Several members of the business community, including business chambers, expressed strong support for the immediate passage of the CREATE bill to restore, boost, and provide relief to firms adversely affected by the pandemic. Similarly, the Department of Trade and Industry (DTI) believes that the immediate reduction of the CIT rate to 25% will help ease the disruption in supply chains and markets and will provide a competitive incentive regime for attracting new investors. Meanwhile, the Philippine Economic Zone Authority (PEZA) lobbies to maintain the status quo on the current fiscal incentives given to enterprises for at least five years to allow firms to recuperate from the impact of the pandemic.

State of the CRE Market

During the quarantine period, few office transactions took place, bringing the year-to-date transactions to 270,000 sqm. This is down by 56% compared to the same period last year. Market vacancy inched up to 4.7% from 4.1% due to delays in office leasing decisions brought about by uncertainties in the market

 new normal creating future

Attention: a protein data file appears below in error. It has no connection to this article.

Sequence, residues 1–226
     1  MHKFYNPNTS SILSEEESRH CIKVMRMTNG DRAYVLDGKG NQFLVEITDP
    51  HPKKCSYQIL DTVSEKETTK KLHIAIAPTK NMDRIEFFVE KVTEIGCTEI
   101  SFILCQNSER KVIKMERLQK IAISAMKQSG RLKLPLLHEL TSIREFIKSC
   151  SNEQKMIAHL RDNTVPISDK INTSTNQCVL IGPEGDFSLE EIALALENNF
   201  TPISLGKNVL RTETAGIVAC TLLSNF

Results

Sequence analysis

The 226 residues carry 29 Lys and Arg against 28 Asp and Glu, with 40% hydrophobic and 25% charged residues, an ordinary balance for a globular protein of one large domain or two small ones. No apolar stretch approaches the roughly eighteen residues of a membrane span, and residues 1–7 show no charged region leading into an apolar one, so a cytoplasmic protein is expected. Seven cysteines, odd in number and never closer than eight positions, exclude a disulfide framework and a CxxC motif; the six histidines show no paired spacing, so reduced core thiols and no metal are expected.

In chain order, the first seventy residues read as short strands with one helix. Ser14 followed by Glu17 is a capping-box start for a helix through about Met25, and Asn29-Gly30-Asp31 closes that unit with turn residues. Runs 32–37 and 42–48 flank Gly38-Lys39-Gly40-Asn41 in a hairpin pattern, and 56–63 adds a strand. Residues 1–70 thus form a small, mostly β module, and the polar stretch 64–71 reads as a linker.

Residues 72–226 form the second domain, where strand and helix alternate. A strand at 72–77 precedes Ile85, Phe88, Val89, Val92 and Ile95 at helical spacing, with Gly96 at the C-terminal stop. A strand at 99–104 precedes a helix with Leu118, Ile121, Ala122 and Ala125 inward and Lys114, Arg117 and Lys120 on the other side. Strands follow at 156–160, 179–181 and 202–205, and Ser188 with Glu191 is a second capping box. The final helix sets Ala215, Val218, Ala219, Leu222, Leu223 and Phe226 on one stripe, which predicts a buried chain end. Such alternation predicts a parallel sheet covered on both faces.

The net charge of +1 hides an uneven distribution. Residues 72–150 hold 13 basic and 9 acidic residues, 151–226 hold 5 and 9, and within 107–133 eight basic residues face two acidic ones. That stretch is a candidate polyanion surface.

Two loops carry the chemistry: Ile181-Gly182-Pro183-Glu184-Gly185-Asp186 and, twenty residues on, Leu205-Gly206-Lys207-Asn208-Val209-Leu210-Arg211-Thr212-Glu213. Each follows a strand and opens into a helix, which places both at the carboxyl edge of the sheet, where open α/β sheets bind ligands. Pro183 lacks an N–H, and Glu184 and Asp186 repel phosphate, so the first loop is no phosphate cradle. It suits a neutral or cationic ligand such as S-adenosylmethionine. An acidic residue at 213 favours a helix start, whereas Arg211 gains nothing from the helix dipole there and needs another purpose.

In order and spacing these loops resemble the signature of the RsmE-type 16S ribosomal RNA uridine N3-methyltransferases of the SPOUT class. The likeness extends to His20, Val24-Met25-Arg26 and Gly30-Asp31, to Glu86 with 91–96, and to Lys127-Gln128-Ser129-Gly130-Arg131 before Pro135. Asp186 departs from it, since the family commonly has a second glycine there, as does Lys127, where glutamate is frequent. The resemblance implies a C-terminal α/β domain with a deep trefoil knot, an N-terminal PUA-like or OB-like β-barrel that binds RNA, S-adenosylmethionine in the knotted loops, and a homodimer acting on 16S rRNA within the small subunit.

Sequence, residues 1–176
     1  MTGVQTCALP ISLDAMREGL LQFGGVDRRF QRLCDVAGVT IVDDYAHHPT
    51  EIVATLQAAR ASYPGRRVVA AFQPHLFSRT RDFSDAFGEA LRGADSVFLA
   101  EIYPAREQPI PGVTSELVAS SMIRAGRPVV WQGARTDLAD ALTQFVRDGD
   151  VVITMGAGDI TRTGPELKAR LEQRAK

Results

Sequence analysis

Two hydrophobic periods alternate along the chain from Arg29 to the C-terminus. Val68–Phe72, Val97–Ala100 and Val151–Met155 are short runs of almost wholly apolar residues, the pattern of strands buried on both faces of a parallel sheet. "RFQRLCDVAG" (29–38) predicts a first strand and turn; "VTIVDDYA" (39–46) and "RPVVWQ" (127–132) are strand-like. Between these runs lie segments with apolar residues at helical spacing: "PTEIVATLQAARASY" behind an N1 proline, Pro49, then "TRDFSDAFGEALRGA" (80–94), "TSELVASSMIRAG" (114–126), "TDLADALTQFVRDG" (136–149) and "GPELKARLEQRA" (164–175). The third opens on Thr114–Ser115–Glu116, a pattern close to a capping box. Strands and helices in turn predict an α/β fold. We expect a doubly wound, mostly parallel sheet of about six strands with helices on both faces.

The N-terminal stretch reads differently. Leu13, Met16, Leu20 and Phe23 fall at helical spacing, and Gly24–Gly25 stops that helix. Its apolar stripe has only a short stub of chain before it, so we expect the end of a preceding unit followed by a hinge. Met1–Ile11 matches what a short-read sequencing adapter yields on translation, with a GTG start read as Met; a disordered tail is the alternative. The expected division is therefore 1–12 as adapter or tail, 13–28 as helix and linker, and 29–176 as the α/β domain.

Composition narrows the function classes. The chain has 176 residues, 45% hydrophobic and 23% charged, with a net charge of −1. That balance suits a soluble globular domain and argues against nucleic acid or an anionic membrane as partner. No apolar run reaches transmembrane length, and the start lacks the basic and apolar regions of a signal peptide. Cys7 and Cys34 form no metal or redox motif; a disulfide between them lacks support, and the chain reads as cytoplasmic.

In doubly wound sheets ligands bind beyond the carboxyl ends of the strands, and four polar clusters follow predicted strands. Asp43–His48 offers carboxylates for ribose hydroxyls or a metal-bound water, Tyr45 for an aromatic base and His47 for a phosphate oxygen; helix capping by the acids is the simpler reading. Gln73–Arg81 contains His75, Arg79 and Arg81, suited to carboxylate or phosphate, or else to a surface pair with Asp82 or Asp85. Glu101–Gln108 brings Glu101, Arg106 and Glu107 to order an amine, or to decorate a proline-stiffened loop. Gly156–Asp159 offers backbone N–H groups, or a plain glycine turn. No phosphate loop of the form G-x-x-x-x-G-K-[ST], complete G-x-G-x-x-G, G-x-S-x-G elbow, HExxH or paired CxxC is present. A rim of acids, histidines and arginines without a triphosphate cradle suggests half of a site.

In the same light, no buildings were completed during the quarantine period primarily due to the limitation in manpower and available resources. Buildings that were already in advanced phases of construction are now delayed for at least two quarters from their target completion dates. Those that are still in the early planning stages may be put on hold or delayed as numerous developers have announced significant reduction in capital expenditure. This is expected to maintain market vacancy at its current levels for a few more months. By end of 2020, market vacancy is expected to further increase as buildings are completed and as more spaces re-enter the market due to possible contract defaults and cancellations by occupiers that are greatly affected by the pandemic. Occupiers who have unutilized spaces due to clients scaling down or cancelling contracts would be looking to dispose or sublease these spaces if these are not filled up soon. The initial impacts of the pandemic will be reflected once the data for Q2 2020 is analyzed, while the data for Q3 2020 will expose how deeply the CRE industry is affected. The demand is expected to slow down, except for those coming from essential industries. Occupiers who are looking at the opportunities available in this market have become more critical in their assessments of contracts, particularly for provisions that address the impact of the pandemic. Rents have yet to change but some landlords have expressed willingness to be more flexible in accommodating new transactions in order to improve the occupancy in their buildings.